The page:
Through the community and cultural bonds fostered by “K-Edge,” the University’s first audition-based Korean interest dance group, what started as a typical K-Pop based dance group, has evolved into more. It has become a home for members to unify and celebrate their love and passion for one another, dance and Korean culture, all while nurturing core values of hardwork and discipline.
In just four years, what started as a small group of interested dancers — learning and practicing various dances in practice rooms whenever they could find time — evolved into a dedicated family of about 20 active members who are recognized across Grounds as K-Edge dancers.
Agatha Tatang, third-year College student and vice president of K-Edge, shared the history of K-Edge and how it was founded on “a whole lot of hope,” as described on their official website. According to Tatang, K-Edge started as a small group of friends interested in dance with K-pop but had no outlet to join.
It starts with an audition at the beginning of the fall or spring semester. Interested auditionees will learn two dance pieces over the course of a week, culminating in an audition on the Friday of that week.
“Auditionees have to learn a girl and boy piece,” Tatang said. “We value versatility. We know people won’t be equal in both areas, but we do want people to be able to do both. It is quite hard to learn two pieces in one week –– even our members have a hard time, but we’ll take people by threes, they do each song twice, and we do callbacks after that.”
K-Edge accepts whoever they feel would be an asset to the team, so the number of accepted auditionees varies from semester to semester. This past semester, they had eight new members. Once someone is accepted, dues are $15, and they are officially a member of K-Edge.
As the only audition-based K-pop dance group on Grounds, K-Edge takes their passion seriously, constantly challenging performers to work their hardest and cultivate their skills both on and off the stage.
“We usually have practices twice a week, Thursdays and Sundays, but we also have subgroups, so you’ll be practicing more hours a week depending on your subgroup’s decision,” Tatang said. “If it’s ... a week or two before a performance, we have ‘hell week’ extra practices, which are five hours.”
First year Architecture student Nguyen Duong is a new K-Edge member or as they’re called within the organization a new “baby.” Duong explained what she feels sets the group apart from others and how it is special to her.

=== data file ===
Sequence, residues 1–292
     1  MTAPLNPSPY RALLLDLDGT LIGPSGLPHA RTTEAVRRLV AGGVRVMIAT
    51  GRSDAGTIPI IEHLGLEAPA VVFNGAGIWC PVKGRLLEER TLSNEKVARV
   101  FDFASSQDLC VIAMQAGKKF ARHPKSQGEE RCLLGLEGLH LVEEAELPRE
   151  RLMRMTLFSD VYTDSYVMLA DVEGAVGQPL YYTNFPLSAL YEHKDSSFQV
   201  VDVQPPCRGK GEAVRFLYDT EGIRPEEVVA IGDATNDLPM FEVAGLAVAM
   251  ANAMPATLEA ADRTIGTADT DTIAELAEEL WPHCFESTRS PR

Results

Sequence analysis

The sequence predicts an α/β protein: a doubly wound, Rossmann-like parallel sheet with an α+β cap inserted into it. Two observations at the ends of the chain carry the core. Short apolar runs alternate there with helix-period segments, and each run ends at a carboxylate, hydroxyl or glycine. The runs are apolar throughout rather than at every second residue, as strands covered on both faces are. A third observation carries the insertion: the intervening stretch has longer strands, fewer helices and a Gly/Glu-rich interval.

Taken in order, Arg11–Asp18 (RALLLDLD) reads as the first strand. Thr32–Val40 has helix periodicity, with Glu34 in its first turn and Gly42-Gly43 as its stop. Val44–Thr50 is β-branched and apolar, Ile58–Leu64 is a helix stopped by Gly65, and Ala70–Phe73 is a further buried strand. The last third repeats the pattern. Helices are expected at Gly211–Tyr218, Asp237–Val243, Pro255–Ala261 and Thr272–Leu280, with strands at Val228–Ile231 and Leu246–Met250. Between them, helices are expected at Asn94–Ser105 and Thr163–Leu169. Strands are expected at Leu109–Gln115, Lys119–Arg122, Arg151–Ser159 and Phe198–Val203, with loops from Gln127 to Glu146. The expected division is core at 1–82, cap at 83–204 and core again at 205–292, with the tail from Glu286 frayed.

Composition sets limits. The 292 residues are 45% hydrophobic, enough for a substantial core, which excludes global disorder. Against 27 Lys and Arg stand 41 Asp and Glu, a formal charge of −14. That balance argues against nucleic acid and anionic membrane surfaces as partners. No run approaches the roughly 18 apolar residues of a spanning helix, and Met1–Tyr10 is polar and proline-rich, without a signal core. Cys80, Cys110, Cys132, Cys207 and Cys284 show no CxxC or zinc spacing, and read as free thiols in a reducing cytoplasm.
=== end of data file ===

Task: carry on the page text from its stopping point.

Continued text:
“I love K-Edge’s rigorous energy and their seriousness when it comes to dancing,” Duong said. “That’s a very essential element when it comes to the learning environment. I’ve been in clubs before, and it always bothers me when everyone is goofing around and not paying attention to leaders, so the result is not as good as expected. I joined K-Edge because I love the environment and dedication they have for dancing.”
K-Edge practices and performs to a variety of K-pop music, so their dances use a wide range of styles. They primarily focus on learning covers of original K-pop group dances. The group differs from many other K-pop dance groups because it ensures that the wide variety of members’ talents are showcased. Dances are typically performed by four group members. However, their rendition will include many more members in order to allow more performers to do a dance they like.
The teams’ performances and Youtube videos have garnered positive attention across the K-op dance group world. They participated in their first competition Nov. 2 at Virginia Tech and won first place in the boy’s division. They have since received a competition invitation in North Carolina and look to continue competing and showing off their dance sets.
Ian Tucker, fourth-year Engineering student and current president of K-Edge, explained the choreography process and how the group chooses their sets of dances to be performed for shows.
“When a K-pop group comes out with songs, there’s usually a dance associated with it,” Tucker said. “If certain individuals happen to like said choreography, they can learn it for what we call ‘Demo Day.’ They show it to the team and the team votes which pieces they enjoyed the most and what they want to do for the performances.”
The common denominator that initially brought K-Edge together was the members’ love and appreciation for Korean culture and music. As the group has grown, they’ve valued building a family –– a community of dancers with different strengths and weaknesses.
“Our primary goal would be to spread a love and interest in K-pop, but I feel like our performances help show how fun K-pop is and how diverse and dynamic Korean pop and performances can be,” Tatang said. “We feel like a whole unit when we perform. It’s a feeling of being a part of something that is bigger than you. It’s very fun to hear the crowd’s screams and cheers.”
Even though the group stresses hard work and talent, K-Edge seeks to entertain while fostering values of growth and improvement.
“It’s not always just the cream of the crop who make the team, [so] you don’t have to be the best of the best,” Tucker said. “A lot of the times, we will see potential in people who audition, [and] we will see that they have the potential to shine in certain pieces. We want to teach these dancers how to go outside of their comfort zone and how to really flourish in different styles of dance.”
Correction: This article previously called K-Edge the first K-Pop dance group on Grounds, but it is actually the first audition-based K-Pop dance group on Grounds. Also, Nguyen Duong was initially introduced with male pronouns, and has been updated with her correct pronouns.